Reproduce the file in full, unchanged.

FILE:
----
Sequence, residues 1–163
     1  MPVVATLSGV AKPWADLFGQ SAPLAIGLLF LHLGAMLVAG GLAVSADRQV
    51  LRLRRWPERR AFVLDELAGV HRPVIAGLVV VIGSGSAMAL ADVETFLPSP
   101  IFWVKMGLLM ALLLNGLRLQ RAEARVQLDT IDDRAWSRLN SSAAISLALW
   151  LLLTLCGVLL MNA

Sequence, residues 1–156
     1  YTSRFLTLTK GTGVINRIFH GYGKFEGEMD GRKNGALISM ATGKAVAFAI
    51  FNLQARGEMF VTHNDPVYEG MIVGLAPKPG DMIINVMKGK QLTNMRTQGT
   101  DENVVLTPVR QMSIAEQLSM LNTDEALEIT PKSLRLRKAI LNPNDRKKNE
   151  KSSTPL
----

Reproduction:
Sequence, residues 1–163
     1  MPVVATLSGV AKPWADLFGQ SAPLAIGLLF LHLGAMLVAG GLAVSADRQV
    51  LRLRRWPERR AFVLDELAGV HRPVIAGLVV VIGSGSAMAL ADVETFLPSP
   101  IFWVKMGLLM ALLLNGLRLQ RAEARVQLDT IDDRAWSRLN SSAAISLALW
   151  LLLTLCGVLL MNA

Sequence, residues 1–156
     1  YTSRFLTLTK GTGVINRIFH GYGKFEGEMD GRKNGALISM ATGKAVAFAI
    51  FNLQARGEMF VTHNDPVYEG MIVGLAPKPG DMIINVMKGK QLTNMRTQGT
   101  DENVVLTPVR QMSIAEQLSM LNTDEALEIT PKSLRLRKAI LNPNDRKKNE
   151  KSSTPL